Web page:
Mapping the subway's microbiome
CRG scientists of the Barcelona Metasub Team at the Global Sampling Day.
Barcelona takes part in the international research project Metasub, which aims to map the microbiome of public transit systems in 54 cities worldwide, including New York, Hong Kong, Paris or Sydney.
Scientists at the Centre for Genomic Regulation (CRG) are contributing to this project by providing, processing, and sequencing samples from the Barcelona subway and also by leading the sampling processing working group. They standardized and improved the sample processing and sequencing protocols for all the laboratories participating in this project.
Scientists at the Centre for Genomic Regulation (CRG) in Barcelona, Spain, have joined today the Global City Sampling Day for the MetaSub research project. Started in 2013 in New York and led by Dr. Christopher E Mason at Weill Cornell Medicine, MetaSub is an international consortium of laboratories to establish a world-wide "DNA map" of microbiomes in mass transit systems.
"Bringing together scientists in dozens of cities worldwide in a real interdisciplinary initiative makes this project unique. We will be able not only to map the urban subway microbiome but to develop new standards for the metagenomics field and to optimize methods for all the steps within this project: from sample collection to data visualization through DNA/RNA isolation and sequencing," explains Stephan Ossowski, group leader at the Centre for Genomic Regulation. The MetaSub initiative is pioneering an unprecedented study of urban mass-transit systems and cities around the world.
"We consider the collaboration with research institutions a must. Thanks to the Metasub project we will deepen our knowledge on the subway's microbiome, which will contribute to improve the journey of thousands of people in the Barcelona subway network," states Eladio de Miguel, director of quality and environment at Transports Metropolitans de Barcelona (TMB).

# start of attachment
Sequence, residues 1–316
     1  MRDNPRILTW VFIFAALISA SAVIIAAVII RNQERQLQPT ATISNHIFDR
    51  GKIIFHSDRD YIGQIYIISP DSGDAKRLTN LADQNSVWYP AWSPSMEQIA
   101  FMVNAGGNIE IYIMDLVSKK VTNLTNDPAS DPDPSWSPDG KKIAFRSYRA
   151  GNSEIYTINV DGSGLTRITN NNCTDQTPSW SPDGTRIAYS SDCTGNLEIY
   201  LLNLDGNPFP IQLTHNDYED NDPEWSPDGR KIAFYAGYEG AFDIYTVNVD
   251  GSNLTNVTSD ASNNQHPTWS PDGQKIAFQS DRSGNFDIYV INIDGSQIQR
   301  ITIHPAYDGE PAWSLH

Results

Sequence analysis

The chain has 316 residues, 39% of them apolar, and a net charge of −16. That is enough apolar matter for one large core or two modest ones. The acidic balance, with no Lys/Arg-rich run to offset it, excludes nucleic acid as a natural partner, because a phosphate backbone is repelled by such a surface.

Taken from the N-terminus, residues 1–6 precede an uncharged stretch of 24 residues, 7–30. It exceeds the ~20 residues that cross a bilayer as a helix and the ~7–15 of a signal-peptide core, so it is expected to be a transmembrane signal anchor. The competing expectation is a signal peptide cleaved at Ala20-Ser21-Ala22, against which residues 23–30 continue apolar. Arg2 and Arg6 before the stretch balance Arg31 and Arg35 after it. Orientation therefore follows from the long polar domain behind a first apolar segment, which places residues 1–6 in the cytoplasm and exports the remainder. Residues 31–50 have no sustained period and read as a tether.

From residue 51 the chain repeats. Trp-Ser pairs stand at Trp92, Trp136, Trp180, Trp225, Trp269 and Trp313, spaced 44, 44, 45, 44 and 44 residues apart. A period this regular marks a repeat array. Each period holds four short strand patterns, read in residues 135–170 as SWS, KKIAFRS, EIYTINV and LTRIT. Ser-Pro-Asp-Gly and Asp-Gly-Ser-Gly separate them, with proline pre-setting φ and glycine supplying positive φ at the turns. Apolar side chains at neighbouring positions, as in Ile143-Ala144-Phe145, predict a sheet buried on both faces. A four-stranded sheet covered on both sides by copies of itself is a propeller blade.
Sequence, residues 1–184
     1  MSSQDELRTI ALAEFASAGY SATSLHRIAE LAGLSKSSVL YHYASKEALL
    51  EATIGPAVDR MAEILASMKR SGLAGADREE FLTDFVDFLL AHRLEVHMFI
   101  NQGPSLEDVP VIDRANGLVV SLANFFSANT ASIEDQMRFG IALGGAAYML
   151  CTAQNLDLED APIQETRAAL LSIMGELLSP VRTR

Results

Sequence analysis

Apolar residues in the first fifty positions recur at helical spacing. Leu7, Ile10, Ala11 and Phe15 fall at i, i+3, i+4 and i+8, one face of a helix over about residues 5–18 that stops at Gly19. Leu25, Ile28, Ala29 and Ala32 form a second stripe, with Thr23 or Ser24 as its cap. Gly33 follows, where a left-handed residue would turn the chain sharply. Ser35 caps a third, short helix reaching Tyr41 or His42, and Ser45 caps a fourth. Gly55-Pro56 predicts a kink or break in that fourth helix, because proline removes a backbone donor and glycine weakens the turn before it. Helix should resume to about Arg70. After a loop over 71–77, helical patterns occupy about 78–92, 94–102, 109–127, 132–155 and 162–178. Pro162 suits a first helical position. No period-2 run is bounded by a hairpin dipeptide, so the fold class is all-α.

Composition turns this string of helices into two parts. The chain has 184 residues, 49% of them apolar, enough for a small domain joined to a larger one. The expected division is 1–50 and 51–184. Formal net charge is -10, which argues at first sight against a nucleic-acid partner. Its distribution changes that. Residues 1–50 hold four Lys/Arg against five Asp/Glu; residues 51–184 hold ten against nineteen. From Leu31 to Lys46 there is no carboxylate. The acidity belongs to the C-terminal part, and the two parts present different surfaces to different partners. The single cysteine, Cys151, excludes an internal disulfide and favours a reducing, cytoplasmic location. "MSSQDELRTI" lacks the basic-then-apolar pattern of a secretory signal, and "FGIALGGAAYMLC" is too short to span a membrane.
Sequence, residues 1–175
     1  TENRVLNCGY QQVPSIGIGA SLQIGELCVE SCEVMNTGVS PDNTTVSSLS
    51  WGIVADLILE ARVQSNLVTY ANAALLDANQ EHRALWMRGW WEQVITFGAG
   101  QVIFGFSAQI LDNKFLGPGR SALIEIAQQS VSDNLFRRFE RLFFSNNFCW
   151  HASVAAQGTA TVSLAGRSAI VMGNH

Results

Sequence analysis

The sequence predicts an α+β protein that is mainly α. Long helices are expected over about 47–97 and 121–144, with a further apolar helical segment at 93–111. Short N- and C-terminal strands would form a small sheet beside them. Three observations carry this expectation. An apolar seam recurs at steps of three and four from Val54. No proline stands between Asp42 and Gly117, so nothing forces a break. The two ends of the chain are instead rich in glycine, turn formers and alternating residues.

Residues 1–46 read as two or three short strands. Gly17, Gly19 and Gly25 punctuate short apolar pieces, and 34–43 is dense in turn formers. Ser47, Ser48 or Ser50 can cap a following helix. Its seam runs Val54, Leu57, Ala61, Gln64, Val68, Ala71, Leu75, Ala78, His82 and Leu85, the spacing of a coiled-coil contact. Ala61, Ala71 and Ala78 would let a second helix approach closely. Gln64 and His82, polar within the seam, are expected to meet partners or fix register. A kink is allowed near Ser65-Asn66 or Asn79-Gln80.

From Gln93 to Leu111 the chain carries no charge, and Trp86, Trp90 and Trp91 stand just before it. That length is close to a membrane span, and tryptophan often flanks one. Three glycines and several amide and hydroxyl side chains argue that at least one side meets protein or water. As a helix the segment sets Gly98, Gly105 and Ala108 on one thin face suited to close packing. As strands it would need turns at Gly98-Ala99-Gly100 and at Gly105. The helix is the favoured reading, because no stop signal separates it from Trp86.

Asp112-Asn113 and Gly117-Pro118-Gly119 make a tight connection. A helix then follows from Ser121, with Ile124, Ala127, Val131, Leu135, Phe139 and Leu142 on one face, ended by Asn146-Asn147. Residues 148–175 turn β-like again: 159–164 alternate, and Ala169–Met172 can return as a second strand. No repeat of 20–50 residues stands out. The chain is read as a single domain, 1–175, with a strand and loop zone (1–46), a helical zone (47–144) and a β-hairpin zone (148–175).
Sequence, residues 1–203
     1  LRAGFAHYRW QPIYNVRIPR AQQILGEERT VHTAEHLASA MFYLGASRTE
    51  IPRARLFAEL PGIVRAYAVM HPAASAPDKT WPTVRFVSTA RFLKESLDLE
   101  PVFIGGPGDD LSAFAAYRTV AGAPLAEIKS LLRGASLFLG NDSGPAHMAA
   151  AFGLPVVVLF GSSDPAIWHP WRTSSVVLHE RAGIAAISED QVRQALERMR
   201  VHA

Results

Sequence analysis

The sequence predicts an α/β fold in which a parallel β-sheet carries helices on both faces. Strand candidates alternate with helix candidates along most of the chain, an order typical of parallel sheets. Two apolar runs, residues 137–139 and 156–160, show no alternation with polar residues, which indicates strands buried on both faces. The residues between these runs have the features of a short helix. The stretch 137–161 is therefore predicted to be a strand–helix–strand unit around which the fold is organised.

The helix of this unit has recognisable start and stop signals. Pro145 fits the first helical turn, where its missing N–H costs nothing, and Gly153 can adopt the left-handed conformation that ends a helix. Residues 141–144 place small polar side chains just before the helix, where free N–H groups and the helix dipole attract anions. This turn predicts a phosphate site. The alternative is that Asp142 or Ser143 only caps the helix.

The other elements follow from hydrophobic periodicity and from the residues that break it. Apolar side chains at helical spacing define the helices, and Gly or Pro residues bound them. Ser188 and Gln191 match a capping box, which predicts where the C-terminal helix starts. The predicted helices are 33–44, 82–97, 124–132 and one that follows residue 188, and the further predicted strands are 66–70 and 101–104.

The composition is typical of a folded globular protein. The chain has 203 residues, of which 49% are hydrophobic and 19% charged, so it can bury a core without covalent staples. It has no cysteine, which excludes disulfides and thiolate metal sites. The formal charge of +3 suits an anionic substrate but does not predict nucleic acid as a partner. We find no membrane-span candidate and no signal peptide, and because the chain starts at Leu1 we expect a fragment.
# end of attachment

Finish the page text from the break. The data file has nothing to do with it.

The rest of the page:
The subway: a unique "ecosystem"
Mass transit systems represent unique urban biomes, microbiomes, and metagenomes. These subterranean and above-ground structures are ubiquitous and the interactions between passengers and the subway surfaces define perhaps one of the world's largest, high-traffic, and universal built environments. Also, these subway surfaces define the daily commute for tens of millions of people every single day and billions of people each year.
The microbiome constitutes an important element of our environment: bacterial cells in and on our bodies outnumber human cells by a 10:1 ratio, contribute as much as 36% of the active molecules present in the human bloodstream, and serve as a key mediator of human health. Yet, how humans may interact with (or acquire) new species of bacteria depends on the environment they are exposed to, the types of surfaces they touch, and the physical dynamics of their environment. This is especially true in dense, built environments such as cities, wherein the majority of the world's population (54%) currently live.
Linking genomics, public health and smart cities
The data produced by the consortium will benefit city planners, public health officials, and designers, as well as the discovery of new species, biological systems, and biosynthetic gene clusters (BGCs), thus enabling an era of more quantified, responsive, and "smarter cities."
Today scientists joined the Global City Sampling Day but samples will be collected periodically in Barcelona - and the rest of the cities - over a five-year period. Many new questions arise from this project, for example, how the microbiome changes according to the weather, the flow of people, the cleanliness of the station, or the materials of its furniture. Also, questions related to the city such as the neighbourhood in which the station is located, the socio-economic level of its citizens, etc.
In order to have representative data, CRG scientists together with the TMB environment department have selected a set of stations including, for instance, some of the oldest stations in the city, the most touristic ones, or the ones that are close to hospitals. They also selected stations in different neighbourhoods illustrating the diversity and multiculturalism in the city.
Source: Center for Genomic Regulation
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